• Water and familiar bowls
  • Familiar blankets
  • Familiar toys
  • Medications and Preventatives
  • Litter box, litter or poop bags
  • Brushes and grooming supplies
  • Car harnesses and tracking / council tags
  • Spare leads and collars if you have them

 … Happy adventures!! 

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What ingredients can you use to cook dog food? Here’s a Vet’s guide!

What ingredients can you use to cook dog food? Here’s a Vet’s guide!

Imagine having to eat the same thing, day in and day out – it’d get pretty boring right?

Or eating food that could be doing you damage, because dog food from a supermarket (Coles, Woolies, Aldi) is basically McDonald’s, plain and simple. It’s full of salt, poor quality meat, high in fat, high sugar, vast amounts of preservatives and additives – as well as the dry food containing up to 20% ash. Yes, you read that right, ASH. 

Cooking your dog’s meals can do wonders for their health, so let’s head to the kitchen with a Vet’s guidance!

The two BIG rules!

 Above all else, there’s 2 dog food rules:

Rule A: DOGS ARE NOT LITTLE PEOPLE. Dogs have very different physiology compared to humans and therefore need a specific diet.

Rule B: DOG FOOD NEEDS TO BE BALANCED. Each meal should include all of their nutritional needs, which we’ll jump into next!

What nutrients do you need?

For the right balance of macronutrients, your dog’s meal should follow the below guide:

1) 50% vegetables for carbohydrates and fibre.
2) 40% lean meat and offal for protein.
3) 10% fats and oils.

Personally, I try to avoid grains as they’re usually high in calories – and grains are by far the most common source of allergies in pets – but adding some whole grains or seeds can be beneficial if you use just a single unprocessed grain like brown rice, whole corn or flax seeds.

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Okay, now your dog food shopping list!


1. Vegetables (50% of ingredients) 

Vegetables are the key to mixing up your dog’s flavours and food, by using different vegetables you can be assured that your pet is going to be getting a whole range of amino acids, complex carbohydrates, vitamins, minerals and fibre.

Using as many colours as possible is a good rule of thumb for a good vegetable dietary profile. A bag of mixed frozen vegetables is super cheap now-days and can be given to your dog “raw” as well.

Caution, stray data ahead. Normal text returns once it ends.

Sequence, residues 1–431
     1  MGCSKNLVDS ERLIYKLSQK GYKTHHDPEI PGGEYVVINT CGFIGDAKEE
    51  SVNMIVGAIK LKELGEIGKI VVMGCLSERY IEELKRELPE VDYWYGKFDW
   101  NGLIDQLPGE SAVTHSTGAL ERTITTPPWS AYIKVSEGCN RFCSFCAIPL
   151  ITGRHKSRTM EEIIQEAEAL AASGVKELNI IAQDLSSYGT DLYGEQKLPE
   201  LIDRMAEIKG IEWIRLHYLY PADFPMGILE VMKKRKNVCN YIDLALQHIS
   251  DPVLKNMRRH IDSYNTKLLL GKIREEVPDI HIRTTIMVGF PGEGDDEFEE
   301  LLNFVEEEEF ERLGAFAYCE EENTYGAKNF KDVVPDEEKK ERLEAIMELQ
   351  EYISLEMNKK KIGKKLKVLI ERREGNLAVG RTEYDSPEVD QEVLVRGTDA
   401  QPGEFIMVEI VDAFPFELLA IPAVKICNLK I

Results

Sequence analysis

But remember, GARLIC, ONIONS and GRAPES are toxic to dogs – so never use them in their food.

2. Meat and offal (40% of ingredients) 

Lean meats and Offal are the building block of life, so for a growing pup or a high energy dog – a good source of high-quality protein is important. Using lean cuts of meat or mince (like chicken or turkey) is best. If you want to spoil your pooch with some steak, go for it, just be sure to trim the fat!

Dogs need 10 essential amino acids that primarily come from meats and protein rich legumes. By using offal, especially liver, heart and kidneys you can get more of these as well as extra nutrients like iron, B vitamins and zinc.

Just make sure the meat is ALWAYS cooked (we’ll cover this later – but raw can be quite dangerous).

3. Fats (10% of ingredients)

Fats help every cell in a dog’s body – and healthy cell membranes are the foundation of good health. Dietary fats are also required for the absorption of vitamins A, D, E, and K which are all essential for good health and immunity. Dogs also cannot make poly unsaturated fats so these must be added to your dog’s food as well.

Some of the best fat profiles are a mix of two different types. 2/3 animal fat (chicken or pork is best) 1/3 seed oil (safflower oil or any oil high in polyunsaturated fats). Another great tip is to add ¼ of a tin of sardines in oil to your dog’s diet each night as well.

Having all the right fats will also help your dog’s coat, and skin stays shiny and super healthy.

The power of fresh water!

Additional to cooking your pet’s food, never underestimate the power of clean water – and water during meal time is essential to get the stomach and intestines running optimally and help maintain digestion.

Clean water, daily, in multiple bowls around the house/property will help your dog get all the fluids they need.

The raw diet ….problem.

We have one rule at our clinic, “no raw food, ever”. By raw food, we are referring to raw meat and eggs, not raw vegetables, grains or fruit. Although there seems to be a big online push for “raw” diets, it’s essential you know the risks.

Because it’s not actually the digestion of raw food, but the campylobacter and salmonella that run RIFE through raw meats and eggs when not cooked or stored in the right way. Raw food kills hundreds of pets each year all around Australia.

Just because a dog used to eat raw food in the “wild” doesn’t mean that it’s better for them – in fact, wild dogs live to only 5-7 years of age on average – something to consider if you currently feed your dog raw.

Raw food is too risky, and so are bones. But we’ll address this in another Blog article so you can make informed decisions.

 …. So for now, happy cooking – and enjoy the licks after your pup has devoured one of your delicious home cooked meals!!